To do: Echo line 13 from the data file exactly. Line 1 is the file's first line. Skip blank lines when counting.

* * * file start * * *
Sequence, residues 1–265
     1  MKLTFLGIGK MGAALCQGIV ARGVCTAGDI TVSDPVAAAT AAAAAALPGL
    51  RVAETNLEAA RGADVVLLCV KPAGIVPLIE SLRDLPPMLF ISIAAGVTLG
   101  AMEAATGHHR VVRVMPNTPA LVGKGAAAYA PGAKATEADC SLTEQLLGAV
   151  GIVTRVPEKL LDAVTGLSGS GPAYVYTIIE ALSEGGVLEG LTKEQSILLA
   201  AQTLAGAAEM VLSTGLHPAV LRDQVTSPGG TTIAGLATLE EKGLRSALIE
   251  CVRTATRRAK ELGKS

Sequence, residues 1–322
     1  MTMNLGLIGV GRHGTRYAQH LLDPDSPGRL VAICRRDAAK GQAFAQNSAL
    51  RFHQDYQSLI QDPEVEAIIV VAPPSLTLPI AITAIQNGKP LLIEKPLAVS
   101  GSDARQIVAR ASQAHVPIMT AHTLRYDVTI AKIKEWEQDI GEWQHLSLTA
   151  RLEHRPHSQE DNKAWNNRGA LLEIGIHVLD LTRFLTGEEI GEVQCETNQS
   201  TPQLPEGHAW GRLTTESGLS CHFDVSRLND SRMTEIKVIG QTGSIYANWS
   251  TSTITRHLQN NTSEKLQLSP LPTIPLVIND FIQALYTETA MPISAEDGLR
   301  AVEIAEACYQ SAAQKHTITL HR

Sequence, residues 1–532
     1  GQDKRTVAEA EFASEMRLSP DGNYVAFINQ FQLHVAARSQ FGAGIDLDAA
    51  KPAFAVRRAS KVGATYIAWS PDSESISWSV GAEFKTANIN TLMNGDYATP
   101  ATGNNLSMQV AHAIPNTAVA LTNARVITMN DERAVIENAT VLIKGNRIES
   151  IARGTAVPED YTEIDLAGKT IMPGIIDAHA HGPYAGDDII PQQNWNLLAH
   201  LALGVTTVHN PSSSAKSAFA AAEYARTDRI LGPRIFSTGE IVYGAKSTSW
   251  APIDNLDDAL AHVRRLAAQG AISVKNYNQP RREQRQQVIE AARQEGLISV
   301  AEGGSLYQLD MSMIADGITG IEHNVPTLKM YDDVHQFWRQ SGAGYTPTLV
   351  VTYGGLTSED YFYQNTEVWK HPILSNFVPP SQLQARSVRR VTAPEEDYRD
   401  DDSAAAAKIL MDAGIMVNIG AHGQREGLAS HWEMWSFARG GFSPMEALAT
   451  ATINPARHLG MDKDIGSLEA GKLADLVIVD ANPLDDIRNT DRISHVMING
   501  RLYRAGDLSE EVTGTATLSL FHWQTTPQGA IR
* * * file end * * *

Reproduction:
   201  TPQLPEGHAW GRLTTESGLS CHFDVSRLND SRMTEIKVIG QTGSIYANWS